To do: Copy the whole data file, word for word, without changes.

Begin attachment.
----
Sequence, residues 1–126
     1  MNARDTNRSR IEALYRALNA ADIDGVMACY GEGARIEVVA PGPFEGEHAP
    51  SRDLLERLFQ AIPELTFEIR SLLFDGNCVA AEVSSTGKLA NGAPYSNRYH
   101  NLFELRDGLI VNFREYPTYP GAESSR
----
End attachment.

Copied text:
Sequence, residues 1–126
     1  MNARDTNRSR IEALYRALNA ADIDGVMACY GEGARIEVVA PGPFEGEHAP
    51  SRDLLERLFQ AIPELTFEIR SLLFDGNCVA AEVSSTGKLA NGAPYSNRYH
   101  NLFELRDGLI VNFREYPTYP GAESSR